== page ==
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Bricks and blocks still top supply shortage list

A slight levelling off in construction demand, mostly in the domestic Repair, Maintenance and Improvement sector, has eased the supply shortages slightly, however, demand remains high. Overall product supply has improved slightly with lead times stabilising in some product areas. That said, certain items – remain in short supply.  timber battens, chipboard, steel lintels and PVC products

John Newcomb, CEO of the Builders Merchants Federation and Peter Caplehorn, CEO of the Construction Products Association, co-chairs of the Construction Leadership Council’s Product Availability working group have releaseda joint statement to say that the main concerns are around bricks and blocks, with some regions experiencing increased delays in securing supplies; concrete roof tiles, where lead times are averaging 24-30 weeks, and bagged cement.

There was some easing in the shortages of bulk and bagged cement in August, with additional cement brought from abroad; however, delivery has been particularly constrained by the lack of domestic haulage capacity.  Extended delivery times will therefore likely continue until the end of the year and some allocation will likely remain in place.

Transport issues continue to be the most common and pressing concern across the supply chain.  Global shipping capacity has been reduced by 25% since the start of the pandemic, leading to delays and high container prices, and there is little sign of relief as we head into the Christmas season. The British Ports Association expects challenges to continue until at least the second quarter of 2022.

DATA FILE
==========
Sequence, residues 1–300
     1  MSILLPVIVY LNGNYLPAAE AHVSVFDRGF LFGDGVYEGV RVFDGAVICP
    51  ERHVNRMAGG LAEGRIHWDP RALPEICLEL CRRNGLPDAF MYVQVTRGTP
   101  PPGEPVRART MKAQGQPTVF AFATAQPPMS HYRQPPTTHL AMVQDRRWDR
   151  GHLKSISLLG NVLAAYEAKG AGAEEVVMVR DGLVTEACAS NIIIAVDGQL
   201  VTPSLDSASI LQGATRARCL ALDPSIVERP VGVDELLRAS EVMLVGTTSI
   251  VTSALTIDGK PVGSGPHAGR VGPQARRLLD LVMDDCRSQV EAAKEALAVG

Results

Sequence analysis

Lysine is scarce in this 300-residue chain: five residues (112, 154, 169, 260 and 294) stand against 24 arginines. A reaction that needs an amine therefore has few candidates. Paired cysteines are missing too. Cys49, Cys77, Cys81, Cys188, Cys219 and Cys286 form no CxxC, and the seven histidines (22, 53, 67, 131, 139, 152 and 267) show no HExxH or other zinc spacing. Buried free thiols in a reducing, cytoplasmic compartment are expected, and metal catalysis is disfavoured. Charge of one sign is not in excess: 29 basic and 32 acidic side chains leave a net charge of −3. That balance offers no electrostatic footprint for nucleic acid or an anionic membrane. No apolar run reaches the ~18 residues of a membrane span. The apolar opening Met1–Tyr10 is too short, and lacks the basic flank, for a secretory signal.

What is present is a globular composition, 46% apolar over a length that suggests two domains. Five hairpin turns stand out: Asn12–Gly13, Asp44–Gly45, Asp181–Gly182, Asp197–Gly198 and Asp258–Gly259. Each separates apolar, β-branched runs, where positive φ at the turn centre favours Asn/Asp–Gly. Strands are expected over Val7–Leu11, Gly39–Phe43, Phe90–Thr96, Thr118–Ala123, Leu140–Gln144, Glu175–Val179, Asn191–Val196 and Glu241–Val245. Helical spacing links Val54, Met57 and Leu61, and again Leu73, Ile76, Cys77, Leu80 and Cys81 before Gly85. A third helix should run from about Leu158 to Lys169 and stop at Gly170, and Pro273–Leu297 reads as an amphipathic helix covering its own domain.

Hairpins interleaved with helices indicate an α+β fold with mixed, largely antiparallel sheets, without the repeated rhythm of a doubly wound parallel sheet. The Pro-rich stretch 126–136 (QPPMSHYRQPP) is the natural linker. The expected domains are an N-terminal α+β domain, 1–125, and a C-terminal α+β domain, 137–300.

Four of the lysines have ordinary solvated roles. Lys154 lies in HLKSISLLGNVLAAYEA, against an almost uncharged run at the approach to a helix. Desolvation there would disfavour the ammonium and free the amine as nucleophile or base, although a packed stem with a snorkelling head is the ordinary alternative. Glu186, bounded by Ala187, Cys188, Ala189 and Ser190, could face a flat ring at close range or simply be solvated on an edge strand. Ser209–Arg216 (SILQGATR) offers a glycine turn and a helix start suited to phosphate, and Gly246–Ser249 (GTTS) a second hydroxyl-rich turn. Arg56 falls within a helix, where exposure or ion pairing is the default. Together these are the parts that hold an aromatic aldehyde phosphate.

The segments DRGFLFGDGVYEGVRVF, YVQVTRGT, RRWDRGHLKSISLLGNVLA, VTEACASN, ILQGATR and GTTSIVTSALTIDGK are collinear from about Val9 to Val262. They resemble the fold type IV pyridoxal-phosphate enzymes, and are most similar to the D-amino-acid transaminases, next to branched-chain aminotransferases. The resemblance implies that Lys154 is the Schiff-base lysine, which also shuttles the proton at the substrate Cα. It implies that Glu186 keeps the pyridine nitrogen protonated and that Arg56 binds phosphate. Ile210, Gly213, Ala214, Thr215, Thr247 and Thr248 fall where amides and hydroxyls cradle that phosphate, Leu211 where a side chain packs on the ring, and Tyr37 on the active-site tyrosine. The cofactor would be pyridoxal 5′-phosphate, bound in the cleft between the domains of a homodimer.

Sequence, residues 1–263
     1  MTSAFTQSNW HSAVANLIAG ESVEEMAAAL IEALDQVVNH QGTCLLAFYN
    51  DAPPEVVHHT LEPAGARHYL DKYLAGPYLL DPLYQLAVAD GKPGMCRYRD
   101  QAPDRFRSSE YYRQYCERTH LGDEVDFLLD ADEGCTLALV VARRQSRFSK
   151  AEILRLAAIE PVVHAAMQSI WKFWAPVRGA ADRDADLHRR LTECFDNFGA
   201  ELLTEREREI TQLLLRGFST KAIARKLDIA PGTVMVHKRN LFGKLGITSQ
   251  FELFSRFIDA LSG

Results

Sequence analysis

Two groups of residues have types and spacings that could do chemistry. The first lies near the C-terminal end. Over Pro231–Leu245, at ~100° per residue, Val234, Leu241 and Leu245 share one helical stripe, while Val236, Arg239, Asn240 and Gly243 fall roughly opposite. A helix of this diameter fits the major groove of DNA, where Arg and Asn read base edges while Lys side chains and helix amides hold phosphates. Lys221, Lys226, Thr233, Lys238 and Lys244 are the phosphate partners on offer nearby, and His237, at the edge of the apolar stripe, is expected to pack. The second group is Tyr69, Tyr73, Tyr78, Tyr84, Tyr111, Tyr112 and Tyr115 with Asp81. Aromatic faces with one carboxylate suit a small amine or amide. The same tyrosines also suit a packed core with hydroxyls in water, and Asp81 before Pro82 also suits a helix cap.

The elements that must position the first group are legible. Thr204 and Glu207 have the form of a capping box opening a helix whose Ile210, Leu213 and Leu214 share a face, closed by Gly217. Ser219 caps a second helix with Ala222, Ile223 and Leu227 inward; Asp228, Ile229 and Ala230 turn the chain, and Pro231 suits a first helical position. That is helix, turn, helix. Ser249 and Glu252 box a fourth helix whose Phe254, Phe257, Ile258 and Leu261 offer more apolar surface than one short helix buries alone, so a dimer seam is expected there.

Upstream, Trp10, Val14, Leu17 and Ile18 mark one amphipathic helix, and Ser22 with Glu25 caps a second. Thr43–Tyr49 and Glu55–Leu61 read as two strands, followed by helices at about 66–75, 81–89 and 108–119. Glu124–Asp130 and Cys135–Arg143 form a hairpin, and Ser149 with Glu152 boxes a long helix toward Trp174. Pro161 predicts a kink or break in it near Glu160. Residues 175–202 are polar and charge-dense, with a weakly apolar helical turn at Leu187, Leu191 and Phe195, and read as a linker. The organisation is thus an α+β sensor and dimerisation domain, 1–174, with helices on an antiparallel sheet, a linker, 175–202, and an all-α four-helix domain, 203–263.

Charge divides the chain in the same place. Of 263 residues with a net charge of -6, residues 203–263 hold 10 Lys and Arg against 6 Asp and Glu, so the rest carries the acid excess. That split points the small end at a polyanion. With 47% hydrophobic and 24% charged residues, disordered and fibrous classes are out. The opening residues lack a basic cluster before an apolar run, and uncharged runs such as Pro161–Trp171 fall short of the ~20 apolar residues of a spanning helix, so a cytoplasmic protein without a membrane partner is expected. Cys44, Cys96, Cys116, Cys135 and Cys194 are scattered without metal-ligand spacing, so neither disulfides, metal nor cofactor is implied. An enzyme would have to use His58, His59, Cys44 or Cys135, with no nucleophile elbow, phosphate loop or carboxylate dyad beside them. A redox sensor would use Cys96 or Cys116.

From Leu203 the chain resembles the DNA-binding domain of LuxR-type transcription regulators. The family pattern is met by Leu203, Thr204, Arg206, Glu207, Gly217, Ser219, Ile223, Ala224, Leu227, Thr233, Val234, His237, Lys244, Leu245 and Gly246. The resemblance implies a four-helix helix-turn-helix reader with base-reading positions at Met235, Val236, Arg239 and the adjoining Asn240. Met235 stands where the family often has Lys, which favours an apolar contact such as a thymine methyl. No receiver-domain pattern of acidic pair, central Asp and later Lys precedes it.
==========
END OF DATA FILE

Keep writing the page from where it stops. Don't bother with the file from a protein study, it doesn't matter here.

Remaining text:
Within the UK, the shortage of HGV drivers is affecting every sector and will take many months to resolve, despite Government action to increase driver testing.  This is a major contributor to delayed deliveries in all construction product areas; one manufacturer reported ‘factories piled with product that we cannot get out’.

The level of price increases for many products has moderated but this may be short-lived, due to continued pressure on costs of raw materials, labour and transport.  Energy prices, particularly the doubling of the wholesale cost of gas, is also a critical factor for manufacturers, along with higher carbon prices related the increased use of coal-fired power stations.  This is likely to be exacerbated following a fire at a power facility in Kent shutting down a crucial link between the British and French power grids.

Despite the current challenges, by working closely and collaboratively, the supply chain is just about managing under unprecedented circumstances.  While many factors could still cause disruption, we are currently in a better position than three to four months ago.

About Fiona Russell-Horne

Fiona Russell-Horne
Group Managing Editor across the BMJ portfolio.

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